Why is it that I find the outdoors calming? Why do I feel connected to the land, and why do I talk to the inhabitants of our forest and meadows? Maybe it is a refuge from the real world, a cocoon against the challenges and difficulties we face as a species. Or perhaps it reminds me of the earth from which we rose and to where we will return, ever aware that I belong to but one of millions of species on earth. Being outdoors, particularly deep in our northern forests, gives me a profound sense of grounding and connection, and presents me with a multitude of tapestries that the human mind could hardly imagine without seeing them unfold before us.

Over 20 years ago, I was privileged to spend a week of rafting on the San Juan River in Utah with noted natural history writer Ann Zwinger. She was an astute observer of the outdoor world and a fervent environmental conservationist. Among the many notable quotes from her writings was the following: “The life of the wood, meadow, and lake go on without us. Flowers bloom, set seeds and die back; squirrels hide nuts in the fall and scold all year long; bobcats track the snowy lake in winter; deer browse the willow shoots in spring. Humans are but intruders who have presumed the right to be observers and who, out of observation, find understanding.” (

“…who, out of observation, find understanding.” Perhaps this is one of the reasons that the natural world draws me in. It sustains my curiosity, is always ripe for observation to better understand, often yields transcendent beauty and surprising twists, and gives perspective on the miniscule fraction of time that I am part of it. Perhaps, too, this short phrase has meaning far beyond the natural world into all aspects of our lives, possibly more so now than ever before in our contentious world. I have long been immersed in the natural world, but becoming a birder in my adult years has only intensified my love and appreciation for the complex ecological web among all living species. In my imperfect ways, I try to be a good steward of the land and a friend to our earth and its inhabitants.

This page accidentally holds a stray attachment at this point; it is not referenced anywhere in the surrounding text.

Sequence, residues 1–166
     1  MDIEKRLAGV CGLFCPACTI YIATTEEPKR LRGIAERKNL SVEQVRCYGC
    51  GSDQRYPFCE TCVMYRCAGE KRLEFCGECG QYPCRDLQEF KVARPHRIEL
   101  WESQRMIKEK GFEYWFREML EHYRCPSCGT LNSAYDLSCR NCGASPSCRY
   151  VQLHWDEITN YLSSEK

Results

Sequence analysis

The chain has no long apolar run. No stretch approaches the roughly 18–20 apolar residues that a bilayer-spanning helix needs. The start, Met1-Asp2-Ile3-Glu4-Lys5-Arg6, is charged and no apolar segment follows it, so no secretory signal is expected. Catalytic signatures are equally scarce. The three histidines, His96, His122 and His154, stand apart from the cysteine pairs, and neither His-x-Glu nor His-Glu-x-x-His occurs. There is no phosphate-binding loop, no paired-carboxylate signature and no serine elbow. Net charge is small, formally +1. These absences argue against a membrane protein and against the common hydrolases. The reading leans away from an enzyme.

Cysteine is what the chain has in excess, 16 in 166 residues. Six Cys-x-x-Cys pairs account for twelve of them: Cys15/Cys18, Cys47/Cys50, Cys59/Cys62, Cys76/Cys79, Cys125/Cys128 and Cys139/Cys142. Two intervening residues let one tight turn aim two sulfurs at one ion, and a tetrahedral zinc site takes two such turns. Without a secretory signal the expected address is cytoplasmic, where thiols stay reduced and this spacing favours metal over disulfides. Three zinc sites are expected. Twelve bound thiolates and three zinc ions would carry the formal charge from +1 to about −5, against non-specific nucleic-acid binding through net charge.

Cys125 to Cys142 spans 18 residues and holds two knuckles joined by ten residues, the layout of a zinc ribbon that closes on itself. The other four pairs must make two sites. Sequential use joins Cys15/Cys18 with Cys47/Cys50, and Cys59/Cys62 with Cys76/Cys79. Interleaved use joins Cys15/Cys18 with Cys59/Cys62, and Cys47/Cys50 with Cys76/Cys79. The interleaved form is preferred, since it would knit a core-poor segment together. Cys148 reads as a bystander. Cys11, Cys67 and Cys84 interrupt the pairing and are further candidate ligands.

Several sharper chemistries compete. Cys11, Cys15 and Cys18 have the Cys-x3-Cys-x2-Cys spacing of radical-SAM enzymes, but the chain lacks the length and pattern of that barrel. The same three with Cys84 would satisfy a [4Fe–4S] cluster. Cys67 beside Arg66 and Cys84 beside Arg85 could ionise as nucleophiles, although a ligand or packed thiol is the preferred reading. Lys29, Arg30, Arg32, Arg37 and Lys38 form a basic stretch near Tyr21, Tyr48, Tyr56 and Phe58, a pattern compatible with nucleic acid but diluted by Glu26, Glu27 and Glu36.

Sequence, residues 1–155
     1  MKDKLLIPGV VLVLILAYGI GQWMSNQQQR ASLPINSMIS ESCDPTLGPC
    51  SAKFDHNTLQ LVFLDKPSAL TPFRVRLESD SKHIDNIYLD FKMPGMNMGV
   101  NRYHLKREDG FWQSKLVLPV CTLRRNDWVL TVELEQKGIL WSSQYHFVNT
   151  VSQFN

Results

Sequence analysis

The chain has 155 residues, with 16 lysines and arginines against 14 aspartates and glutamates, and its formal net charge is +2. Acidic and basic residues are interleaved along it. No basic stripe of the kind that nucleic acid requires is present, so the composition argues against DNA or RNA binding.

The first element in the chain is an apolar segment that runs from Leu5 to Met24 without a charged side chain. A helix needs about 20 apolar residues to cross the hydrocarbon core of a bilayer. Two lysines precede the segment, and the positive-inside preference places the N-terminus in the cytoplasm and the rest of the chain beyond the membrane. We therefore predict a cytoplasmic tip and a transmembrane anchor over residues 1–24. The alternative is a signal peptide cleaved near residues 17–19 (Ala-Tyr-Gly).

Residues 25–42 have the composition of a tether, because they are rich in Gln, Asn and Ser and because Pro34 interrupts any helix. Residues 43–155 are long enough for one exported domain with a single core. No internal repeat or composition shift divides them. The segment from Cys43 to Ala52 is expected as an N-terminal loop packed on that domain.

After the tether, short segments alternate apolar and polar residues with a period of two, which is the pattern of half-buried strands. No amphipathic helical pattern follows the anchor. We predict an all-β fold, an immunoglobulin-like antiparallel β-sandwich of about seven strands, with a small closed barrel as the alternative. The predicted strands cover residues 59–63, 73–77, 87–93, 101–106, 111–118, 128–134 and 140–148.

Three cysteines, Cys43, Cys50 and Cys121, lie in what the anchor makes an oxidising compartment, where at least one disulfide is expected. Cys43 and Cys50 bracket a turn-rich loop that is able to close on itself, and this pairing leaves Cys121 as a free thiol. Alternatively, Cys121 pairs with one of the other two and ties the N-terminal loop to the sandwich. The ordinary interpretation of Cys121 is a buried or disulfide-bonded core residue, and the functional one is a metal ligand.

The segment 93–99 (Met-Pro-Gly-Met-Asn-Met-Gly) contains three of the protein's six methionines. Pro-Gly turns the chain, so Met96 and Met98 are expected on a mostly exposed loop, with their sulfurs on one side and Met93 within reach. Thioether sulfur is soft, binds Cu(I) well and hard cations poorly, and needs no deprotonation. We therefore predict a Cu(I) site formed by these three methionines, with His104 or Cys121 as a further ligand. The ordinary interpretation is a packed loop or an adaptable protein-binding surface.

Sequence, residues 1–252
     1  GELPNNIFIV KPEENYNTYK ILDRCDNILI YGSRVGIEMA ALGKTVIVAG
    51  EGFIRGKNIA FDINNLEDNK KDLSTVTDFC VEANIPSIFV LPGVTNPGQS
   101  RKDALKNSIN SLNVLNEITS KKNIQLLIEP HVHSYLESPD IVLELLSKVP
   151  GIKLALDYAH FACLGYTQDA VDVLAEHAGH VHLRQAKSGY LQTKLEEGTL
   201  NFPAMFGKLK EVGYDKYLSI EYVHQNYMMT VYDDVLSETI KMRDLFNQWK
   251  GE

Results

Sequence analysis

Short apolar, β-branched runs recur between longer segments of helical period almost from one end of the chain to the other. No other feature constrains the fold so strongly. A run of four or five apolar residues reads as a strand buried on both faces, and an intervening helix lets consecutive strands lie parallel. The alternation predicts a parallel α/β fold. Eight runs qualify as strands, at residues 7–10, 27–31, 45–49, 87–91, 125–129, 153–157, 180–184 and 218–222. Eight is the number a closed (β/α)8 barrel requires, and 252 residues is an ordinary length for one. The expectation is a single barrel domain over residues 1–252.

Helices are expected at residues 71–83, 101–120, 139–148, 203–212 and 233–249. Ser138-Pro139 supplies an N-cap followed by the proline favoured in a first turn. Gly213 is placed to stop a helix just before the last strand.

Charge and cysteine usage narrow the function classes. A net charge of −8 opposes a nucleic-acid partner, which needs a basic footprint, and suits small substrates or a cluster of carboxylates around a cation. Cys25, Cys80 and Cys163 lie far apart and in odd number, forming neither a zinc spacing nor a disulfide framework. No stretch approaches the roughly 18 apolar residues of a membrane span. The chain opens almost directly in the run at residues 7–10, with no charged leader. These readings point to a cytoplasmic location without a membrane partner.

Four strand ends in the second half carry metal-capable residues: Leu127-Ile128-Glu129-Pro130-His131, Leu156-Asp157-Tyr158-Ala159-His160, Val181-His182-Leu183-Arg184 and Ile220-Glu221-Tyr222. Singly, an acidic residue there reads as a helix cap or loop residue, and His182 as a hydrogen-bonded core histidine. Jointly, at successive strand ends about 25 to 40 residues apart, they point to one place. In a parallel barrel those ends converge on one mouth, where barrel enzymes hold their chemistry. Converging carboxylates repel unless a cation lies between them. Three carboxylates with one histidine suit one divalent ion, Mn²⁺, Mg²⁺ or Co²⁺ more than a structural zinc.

My birding forays therefore are not only to enjoy our birds but also to appreciate the sights, sounds, smells, and touches of whatever else awaits me at any given moment. I am humbled by how little I know but grateful to have experienced so much across the globe, both before and after I started birding: the endless plains of the Serengeti, the unique landscape of southern France, the rich rain forests of Central America, the wildness of the Brooks Range in Alaska, the solitude of the northeastern hardwood forest, the serenity of northern Minnesota lakes, the pastel canvas of the western canyonlands, and much, much more. Birds were a part of these scenes but most certainly not the only highlight. So, when you do not see the birds you are looking for, take a moment and let the natural world sink in to your core. Slow down, look around, and listen up. There is so much to observe to find understanding.

Martha Steele, a former editor of Bird Observer, has been progressively losing vision due to retinitis pigmentosa and is legally blind. Thanks to a cochlear implant, she is now learning to identify birds from their songs and calls. Martha lives with her husband, Bob Stymeist, in Arlington. Martha can be reached at